Sasha Welsh

Undergraduate Discipline

Dance

Graduate Program

MFA Dance Program

BA, Swarthmore College. MFA, Temple University. PDDS, Laban Centre, London. Choreographer whose work explores states of awareness, the potential of memory and imagination, and the limitations and possibilities of the human body. Her choreography has been seen in venues such as Movement Research at Judson Church, Dance Conversations at the Flea, Dixon Place, AUNTS, Performance Mix at Joyce Soho, INOVA galleries (University of Wisconsin–Milwaukee), Philadelphia Live Arts Festival (City Paper Pick of the Fringe in 2004), RAW Material at Dance New Amsterdam, and Studio 303 in Montreal. Her company, Victory to Others, presented its first full-length concert at Triskelion Arts in March 2009. Performed with Laurie Berg and Megan Byrne, Noriko Kato (Japan), Alison D’Amato, Darla Stanley, Merián Soto, George Alley, and many others. Curated performances in New York since 2006, running an experimental venue called Ulla’s House, which has supported the work of more than 50 diverse artists at all stages of their careers. Taught dance at DeSales University and Temple University. Maintains a private practice teaching Pilates and dance conditioning and is a long-term student of anatomist Irene Dowd. SLC 2015–

Undergraduate Courses 2017-2018

Dance

Dance Practice Conference

Component

Students taking Dance Thirds will meet with the instructor for this component course at least once per semester to address individual dance training issues and questions and to identify short- and long-term goals. Guided by discussion, we will develop practical strategies to address issues and questions in the context of achieving goals by means of specific supplemental exercises that address strength, flexibility, kinesthetic awareness, coordination, and effective approaches to learning. This course is designed to support and enhance students’ work in dance classes, rehearsals, and performances.

Faculty

Anatomy in Action

Component—Year

Students who wish to join this yearlong class in the second semester may do so only with the permission of the instructor.

How is it possible for humans to move in the multitude of ways that we do? Learn to develop your X-ray vision of human beings in motion through functional anatomical study that combines movement practice, drawing, lecture, and problem solving. In this course, movement is a powerful vehicle for experiencing in detail our profoundly adaptable musculoskeletal anatomy. Facilitating our study of the entire musculoskeletal system, we will learn Irene Dowd’s Spirals™, a comprehensive warm-up/cool-down for dancing that coordinates all joints and muscles through their fullest range of motion. In addition to movement practice, drawings will be part of each week’s lecture. (Drawing materials will be provided.) Insights and skills developed in this course can provide tremendous inspiration in the process of movement invention and composition.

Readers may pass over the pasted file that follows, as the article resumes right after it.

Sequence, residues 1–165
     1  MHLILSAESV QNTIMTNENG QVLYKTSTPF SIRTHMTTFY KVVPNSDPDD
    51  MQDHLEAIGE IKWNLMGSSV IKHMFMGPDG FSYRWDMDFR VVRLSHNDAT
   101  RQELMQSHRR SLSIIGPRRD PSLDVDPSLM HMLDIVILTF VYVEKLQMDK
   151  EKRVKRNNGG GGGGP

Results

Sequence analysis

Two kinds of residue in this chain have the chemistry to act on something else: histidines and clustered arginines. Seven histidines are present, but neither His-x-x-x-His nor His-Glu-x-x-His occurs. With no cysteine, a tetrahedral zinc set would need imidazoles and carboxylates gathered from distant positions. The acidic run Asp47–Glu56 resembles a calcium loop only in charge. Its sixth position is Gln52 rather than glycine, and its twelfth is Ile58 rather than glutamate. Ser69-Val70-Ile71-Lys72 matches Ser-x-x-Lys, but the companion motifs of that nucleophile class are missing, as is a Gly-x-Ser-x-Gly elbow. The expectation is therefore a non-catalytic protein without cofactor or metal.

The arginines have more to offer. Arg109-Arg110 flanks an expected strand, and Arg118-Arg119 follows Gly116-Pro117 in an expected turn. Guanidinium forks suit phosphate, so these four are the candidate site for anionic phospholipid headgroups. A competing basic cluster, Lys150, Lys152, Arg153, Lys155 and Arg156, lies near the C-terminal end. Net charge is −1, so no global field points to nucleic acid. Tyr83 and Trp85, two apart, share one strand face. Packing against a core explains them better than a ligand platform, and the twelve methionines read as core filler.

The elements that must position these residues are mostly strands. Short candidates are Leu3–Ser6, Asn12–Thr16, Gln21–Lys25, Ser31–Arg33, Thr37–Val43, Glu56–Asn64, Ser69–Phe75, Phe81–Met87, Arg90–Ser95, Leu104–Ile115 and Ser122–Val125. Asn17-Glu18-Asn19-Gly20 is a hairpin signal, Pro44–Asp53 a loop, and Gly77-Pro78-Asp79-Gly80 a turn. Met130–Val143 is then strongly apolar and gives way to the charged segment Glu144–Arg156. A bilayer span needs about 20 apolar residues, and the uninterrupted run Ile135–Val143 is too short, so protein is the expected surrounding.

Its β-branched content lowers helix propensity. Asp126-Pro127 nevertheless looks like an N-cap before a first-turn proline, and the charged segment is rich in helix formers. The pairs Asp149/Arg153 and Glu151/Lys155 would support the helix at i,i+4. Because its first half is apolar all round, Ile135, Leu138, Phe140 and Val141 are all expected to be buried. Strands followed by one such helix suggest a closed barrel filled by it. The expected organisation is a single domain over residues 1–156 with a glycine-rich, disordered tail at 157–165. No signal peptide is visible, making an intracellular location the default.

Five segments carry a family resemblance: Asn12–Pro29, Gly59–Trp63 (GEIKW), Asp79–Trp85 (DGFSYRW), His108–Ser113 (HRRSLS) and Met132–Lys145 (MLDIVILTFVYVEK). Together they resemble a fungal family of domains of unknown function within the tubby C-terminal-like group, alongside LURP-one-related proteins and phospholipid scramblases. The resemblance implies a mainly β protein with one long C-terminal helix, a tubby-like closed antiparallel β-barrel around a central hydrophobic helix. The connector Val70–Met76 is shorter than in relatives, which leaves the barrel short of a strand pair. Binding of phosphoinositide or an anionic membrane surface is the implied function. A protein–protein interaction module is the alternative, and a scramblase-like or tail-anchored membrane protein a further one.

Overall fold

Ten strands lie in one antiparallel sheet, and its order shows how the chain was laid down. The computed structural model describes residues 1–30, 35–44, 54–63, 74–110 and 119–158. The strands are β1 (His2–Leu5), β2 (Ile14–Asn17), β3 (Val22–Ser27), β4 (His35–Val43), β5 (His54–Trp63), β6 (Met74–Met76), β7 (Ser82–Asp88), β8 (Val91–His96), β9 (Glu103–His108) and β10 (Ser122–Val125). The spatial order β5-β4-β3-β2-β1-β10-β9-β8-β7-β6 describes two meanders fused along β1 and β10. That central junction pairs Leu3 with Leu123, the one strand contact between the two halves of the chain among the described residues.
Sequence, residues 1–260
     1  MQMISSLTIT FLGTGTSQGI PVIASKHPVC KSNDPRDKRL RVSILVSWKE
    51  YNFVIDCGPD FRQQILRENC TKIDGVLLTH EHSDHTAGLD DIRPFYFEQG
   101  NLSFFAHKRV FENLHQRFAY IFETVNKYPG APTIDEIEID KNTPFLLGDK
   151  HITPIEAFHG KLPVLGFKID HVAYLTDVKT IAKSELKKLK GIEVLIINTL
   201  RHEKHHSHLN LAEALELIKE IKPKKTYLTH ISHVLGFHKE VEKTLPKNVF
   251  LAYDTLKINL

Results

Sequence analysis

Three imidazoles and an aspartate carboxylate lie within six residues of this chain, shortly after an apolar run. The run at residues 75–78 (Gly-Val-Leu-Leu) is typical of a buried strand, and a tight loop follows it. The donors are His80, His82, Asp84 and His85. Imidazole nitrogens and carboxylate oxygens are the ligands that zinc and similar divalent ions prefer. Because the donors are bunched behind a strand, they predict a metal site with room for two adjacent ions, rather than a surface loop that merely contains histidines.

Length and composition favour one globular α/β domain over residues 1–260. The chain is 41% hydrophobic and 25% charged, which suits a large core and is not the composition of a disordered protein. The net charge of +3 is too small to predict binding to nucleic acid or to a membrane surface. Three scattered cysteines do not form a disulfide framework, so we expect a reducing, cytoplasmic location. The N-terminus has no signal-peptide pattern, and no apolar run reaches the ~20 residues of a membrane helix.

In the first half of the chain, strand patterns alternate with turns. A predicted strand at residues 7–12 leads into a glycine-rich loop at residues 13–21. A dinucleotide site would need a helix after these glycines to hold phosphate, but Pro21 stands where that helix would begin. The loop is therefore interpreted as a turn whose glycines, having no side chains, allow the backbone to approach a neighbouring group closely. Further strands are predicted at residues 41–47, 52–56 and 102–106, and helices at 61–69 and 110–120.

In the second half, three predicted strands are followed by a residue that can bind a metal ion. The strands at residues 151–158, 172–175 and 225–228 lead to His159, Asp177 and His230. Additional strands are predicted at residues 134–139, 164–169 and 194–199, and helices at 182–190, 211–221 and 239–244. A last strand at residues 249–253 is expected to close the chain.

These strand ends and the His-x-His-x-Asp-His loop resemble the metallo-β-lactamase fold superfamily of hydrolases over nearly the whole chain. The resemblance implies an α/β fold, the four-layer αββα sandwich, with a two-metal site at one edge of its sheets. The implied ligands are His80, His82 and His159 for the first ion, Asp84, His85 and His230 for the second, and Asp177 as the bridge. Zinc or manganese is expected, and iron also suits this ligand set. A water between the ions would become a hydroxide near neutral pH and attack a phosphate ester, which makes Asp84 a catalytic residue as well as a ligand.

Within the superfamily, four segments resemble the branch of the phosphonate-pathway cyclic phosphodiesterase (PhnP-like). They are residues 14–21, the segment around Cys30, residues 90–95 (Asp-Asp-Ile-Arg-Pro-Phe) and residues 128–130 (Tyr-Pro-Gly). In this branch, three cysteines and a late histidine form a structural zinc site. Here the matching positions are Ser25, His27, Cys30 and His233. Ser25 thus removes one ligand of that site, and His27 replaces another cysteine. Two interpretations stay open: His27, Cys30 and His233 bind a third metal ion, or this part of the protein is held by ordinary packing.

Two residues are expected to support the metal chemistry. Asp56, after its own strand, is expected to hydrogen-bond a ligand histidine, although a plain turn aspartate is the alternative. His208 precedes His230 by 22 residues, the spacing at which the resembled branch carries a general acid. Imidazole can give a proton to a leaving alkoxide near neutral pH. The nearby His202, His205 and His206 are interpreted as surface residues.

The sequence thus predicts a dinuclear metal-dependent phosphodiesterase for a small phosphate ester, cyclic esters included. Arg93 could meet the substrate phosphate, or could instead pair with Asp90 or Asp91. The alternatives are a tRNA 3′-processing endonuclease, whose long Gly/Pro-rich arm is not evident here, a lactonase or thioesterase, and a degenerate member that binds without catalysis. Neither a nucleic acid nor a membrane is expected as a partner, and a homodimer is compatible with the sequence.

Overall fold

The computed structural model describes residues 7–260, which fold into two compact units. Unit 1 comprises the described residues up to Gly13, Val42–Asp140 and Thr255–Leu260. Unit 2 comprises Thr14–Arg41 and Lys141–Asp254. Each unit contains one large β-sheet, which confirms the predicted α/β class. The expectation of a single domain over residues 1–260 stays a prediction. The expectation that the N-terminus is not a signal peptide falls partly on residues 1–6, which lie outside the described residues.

Faculty

Graduate Courses

Dance 2017-2018

Anatomy in Action

Component—Year

The course will be taught by Ms. Gould in the fall and Ms. Welsh in the spring. Students who wish to join this yearlong class in the second semester may do so only with the permission of the instructor.

How is it possible for humans to move in the multitude of ways that we do? Learn to develop your X-ray vision of human beings in motion through functional anatomical study that combines movement practice, drawing, lecture, and problem solving. In this course, movement is a powerful vehicle for experiencing in detail our profoundly adaptable musculoskeletal anatomy. Facilitating our study of the entire musculoskeletal system, we will learn Irene Dowd’s Spirals™, a comprehensive warm-up/cool-down for dancing that coordinates all joints and muscles through their fullest range of motion. In addition to movement practice, drawings will be part of each week’s lecture. (Drawing materials will be provided.) Insights and skills developed in this course can provide tremendous inspiration in the process of movement invention and composition.

Faculty

Previous Courses

Dance Training Conference

Component—Year

Students taking Contemporary Practice I, II, and III will meet with the instructor for this component course at least once per semester to address individual dance training issues and questions and to identify short- and long-term goals. Guided by discussion, we will develop practical strategies to address issues and questions in the context of achieving goals by means of specific supplemental exercises that address strength, flexibility, kinesthetic awareness, coordination, and effective approaches to learning. This course is designed to support and enhance students’ work in dance classes, rehearsals, and performances.

Faculty